After a nail biter of a game that drudged up rain-soaked memories of the 2016 Notre Dame Fighting Irish, the Clemson Tigers look to shore up some issues that plagued them against the Texas A&M Aggies when they return to Death Valley to face off against the Georgia Southern Eagles. The Tigers’ matchup against the Eagles, who sit at 2-0 following decisive victories over South Carolina State and the University of Massachusetts, is actually more of a critical game for Clemson than it appears to be.
While Georgia Southern is not a team that necessarily warrants much concern from Clemson faithful given the overwhelming talent on both sides of the ball, it is going to be a huge for Dabo Swinney and the coaching staff for one single reason: it will fully engage the team in operating in an option-offense mindset, as the Eagles just happens to run the option. Having already been exposed to the option against Furman in Week 1, it is extremely beneficial to have the defense in an option-stuffing mindset. With a big game looming in Atlanta against Georgia Tech next week, this will be a huge game for Clemson’s defense, particularly the secondary and Isaiah Simmons, who has experienced several growing pains thus far this season.
In terms of players, Georgia Southern has three that stick out the most: quarterback Shai Werts, running back Wesley Fields, and cornerback Monquavion Brinson. Hailing from Newberry High School, Werts has gotten off to a decent start so far, as he leads the Eagles with 246 rushing yards and four touchdowns, while also going 11-16 for 183 yards and two touchdowns. For an option quarterback, Werts’s passing numbers are efficient, and it will be a test for our safeties to not get caught peeking in the backfield, as was often the case against Kellen Mond, who made them pay often. Safety play is something to watch in the coming weeks, particularly if teams try to exploit in a similar fashion to the Aggies.
Fields, who was the Eagles’ leading rusher a year ago with 811 rushing yards and five touchdowns, enters the game as the team’s second option in their run game. Thus far, he’s rushed for 173 yards and a touchdown. On defense, Brinson is the team’s most notable playmakers. After nabbing five interceptions and coming through with 12 pass breakups last year, Brinson is the Eagles’ leading tackler heading into the third week of the season with 14 tackles (12 solo), demonstrating a willingness and ability to play physically.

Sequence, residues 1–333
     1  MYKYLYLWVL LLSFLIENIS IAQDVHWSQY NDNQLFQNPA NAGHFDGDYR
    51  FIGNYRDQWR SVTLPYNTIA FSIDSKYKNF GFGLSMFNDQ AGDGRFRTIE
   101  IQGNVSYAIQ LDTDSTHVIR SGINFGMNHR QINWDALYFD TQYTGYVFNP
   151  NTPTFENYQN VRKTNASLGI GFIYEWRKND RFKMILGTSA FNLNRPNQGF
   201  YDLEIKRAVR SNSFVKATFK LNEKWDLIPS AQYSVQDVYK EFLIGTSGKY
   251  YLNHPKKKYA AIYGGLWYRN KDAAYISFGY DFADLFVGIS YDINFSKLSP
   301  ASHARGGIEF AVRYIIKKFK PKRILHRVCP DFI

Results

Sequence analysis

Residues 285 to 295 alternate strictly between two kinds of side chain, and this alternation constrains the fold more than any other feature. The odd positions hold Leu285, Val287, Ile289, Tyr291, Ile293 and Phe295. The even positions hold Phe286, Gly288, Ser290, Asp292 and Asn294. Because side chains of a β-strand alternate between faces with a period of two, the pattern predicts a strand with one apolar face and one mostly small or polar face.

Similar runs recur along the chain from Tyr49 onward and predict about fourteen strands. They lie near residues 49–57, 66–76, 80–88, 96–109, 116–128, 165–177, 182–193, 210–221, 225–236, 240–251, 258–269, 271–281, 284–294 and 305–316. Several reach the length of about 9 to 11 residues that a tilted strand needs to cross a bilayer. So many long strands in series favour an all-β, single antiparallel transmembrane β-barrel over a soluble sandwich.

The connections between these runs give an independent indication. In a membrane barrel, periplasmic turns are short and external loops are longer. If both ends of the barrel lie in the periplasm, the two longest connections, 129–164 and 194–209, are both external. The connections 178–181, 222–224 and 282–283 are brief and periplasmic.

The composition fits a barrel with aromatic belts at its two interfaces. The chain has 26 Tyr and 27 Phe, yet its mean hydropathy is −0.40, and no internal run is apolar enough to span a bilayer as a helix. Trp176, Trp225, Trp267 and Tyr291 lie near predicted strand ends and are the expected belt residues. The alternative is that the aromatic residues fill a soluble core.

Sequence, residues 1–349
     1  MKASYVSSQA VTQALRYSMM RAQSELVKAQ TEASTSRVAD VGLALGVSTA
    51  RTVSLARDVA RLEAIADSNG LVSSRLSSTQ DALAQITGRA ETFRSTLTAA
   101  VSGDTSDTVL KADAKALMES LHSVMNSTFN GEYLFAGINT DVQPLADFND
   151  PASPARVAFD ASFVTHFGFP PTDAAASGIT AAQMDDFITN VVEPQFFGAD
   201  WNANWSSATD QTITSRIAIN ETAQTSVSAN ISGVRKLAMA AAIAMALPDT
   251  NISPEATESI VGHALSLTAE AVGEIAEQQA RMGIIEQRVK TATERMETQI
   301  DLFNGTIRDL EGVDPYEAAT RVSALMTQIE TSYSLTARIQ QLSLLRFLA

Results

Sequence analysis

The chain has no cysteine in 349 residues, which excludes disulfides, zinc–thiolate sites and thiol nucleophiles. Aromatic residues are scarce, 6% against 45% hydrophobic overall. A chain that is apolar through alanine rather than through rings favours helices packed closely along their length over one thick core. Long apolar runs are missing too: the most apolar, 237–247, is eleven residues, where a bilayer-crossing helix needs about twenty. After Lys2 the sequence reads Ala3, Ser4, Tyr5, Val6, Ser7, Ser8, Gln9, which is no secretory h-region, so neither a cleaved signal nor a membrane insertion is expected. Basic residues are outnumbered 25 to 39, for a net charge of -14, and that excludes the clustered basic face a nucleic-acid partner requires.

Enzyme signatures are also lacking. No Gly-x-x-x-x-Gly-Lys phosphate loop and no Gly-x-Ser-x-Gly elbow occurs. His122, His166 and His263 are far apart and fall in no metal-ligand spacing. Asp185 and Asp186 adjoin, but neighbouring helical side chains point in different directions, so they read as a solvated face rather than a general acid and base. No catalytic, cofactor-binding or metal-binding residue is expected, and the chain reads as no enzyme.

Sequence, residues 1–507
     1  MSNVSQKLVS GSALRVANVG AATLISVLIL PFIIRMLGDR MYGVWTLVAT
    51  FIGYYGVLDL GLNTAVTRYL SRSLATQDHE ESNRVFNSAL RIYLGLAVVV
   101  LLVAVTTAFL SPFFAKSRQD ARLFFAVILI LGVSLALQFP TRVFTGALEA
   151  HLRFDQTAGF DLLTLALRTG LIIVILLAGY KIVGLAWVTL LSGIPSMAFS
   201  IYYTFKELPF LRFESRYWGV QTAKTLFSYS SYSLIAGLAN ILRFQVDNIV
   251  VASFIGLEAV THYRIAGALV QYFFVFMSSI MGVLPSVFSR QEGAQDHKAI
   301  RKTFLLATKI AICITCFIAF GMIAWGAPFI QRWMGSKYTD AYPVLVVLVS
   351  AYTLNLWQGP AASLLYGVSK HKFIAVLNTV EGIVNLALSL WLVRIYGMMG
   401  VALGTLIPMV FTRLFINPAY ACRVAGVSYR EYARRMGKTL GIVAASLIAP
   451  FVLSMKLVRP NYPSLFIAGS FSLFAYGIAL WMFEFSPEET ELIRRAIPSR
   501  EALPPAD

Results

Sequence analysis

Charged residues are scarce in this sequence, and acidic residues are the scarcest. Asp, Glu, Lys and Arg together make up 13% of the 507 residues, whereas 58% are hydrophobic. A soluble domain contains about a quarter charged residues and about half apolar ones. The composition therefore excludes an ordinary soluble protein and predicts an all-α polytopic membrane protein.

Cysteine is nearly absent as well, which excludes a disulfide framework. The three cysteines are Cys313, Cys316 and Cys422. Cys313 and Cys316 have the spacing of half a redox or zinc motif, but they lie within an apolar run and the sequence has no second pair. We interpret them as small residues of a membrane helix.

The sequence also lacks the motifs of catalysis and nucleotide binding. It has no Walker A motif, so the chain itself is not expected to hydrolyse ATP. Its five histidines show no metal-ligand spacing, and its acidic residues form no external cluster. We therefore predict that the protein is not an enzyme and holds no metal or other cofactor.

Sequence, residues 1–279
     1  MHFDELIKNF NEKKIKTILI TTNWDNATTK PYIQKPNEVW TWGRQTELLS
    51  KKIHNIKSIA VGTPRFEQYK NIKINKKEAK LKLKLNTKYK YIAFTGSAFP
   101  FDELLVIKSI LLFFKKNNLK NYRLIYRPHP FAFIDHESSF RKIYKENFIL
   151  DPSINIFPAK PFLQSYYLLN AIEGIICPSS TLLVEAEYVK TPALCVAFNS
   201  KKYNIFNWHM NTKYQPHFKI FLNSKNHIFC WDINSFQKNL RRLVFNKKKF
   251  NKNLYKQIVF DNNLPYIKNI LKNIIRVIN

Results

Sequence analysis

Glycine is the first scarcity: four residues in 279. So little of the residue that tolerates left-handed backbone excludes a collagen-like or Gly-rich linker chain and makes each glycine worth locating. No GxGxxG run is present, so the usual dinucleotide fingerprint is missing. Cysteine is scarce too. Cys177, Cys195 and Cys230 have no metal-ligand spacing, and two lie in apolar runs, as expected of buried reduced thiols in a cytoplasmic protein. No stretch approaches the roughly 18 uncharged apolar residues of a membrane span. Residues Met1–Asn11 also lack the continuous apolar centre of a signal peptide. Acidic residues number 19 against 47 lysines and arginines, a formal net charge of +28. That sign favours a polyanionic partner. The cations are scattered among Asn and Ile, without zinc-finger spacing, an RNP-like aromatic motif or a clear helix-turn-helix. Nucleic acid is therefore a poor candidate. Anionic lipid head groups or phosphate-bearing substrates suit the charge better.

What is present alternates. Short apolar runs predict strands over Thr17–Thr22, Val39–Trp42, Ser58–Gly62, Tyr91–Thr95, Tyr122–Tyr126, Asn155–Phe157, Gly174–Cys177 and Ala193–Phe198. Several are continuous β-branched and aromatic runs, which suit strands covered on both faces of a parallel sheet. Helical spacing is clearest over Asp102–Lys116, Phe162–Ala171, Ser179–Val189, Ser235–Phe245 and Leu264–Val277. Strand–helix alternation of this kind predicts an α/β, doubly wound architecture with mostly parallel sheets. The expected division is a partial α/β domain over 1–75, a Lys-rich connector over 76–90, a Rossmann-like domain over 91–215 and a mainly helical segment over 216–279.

As stated previously, coming off of probably one of their worst performances in quite some time, the secondary will look to get back on track, and what better way that facing a style of offense that relies largely on misdirection and requires sharp eye discipline? While not running the option to the highly-tuned efficiency of teams like Georgia Tech or Navy, Georgia Southern is a game to provide the defense with a much-needed bounce back period.
Two weeks into the season, we’ve seen plenty of growing pains from Isaiah Simmons in Dorian O’Daniel’s vaunted Nickel/SAM position. Simmons has a higher ceiling that O’Daniel given his size and athleticism; he just needs to continue growing into the position. Simmons will no doubt be an X-Factor for this defense moving forward, and as he rounds into shape, he can become a massive asset in both coverage and run support. Facing option teams like Furman and Georgia Southern can better aid in improving his eye discipline and dealing with misdirection.
On offense, the quarterback rotation is likely to be similar to how it was against Furman and Texas A&M, with Kelly Bryant and Trevor Lawrence splitting snaps. The bigger things to watch here, however, will be the interior offensive play, particularly at center and right guard, as Cade Stewart saw increased time over Sean Pollard against Texas A&M. On all counts of Swinney, Stewart more than held his own, so it will be interesting to see how his playing time looks moving forward. In the case of center, Justin Falcinelli will need to bounce back after a poor performance against A&M, giving a number of bad snaps to both Bryant and Lawrence at inopportune moments in the game.
A return to the run game will be nice, particularly given the talent and depth at running back, as doing so will also further open up the play-action pass for both quarterbacks. We’ve seen little action from the backs to this point; while seeing an emphasis in stretching the field is nice given our blessings at receiver, getting our backs involved again will be important. Oh, and our offense can feel free to scrap every bubble screen. They haven’t really worked with either quarterback. Thanks.
Look forward to the option-heavy content for the next two weeks from Shakin’ The Southland (or whatever our Twitter name happens to be that week).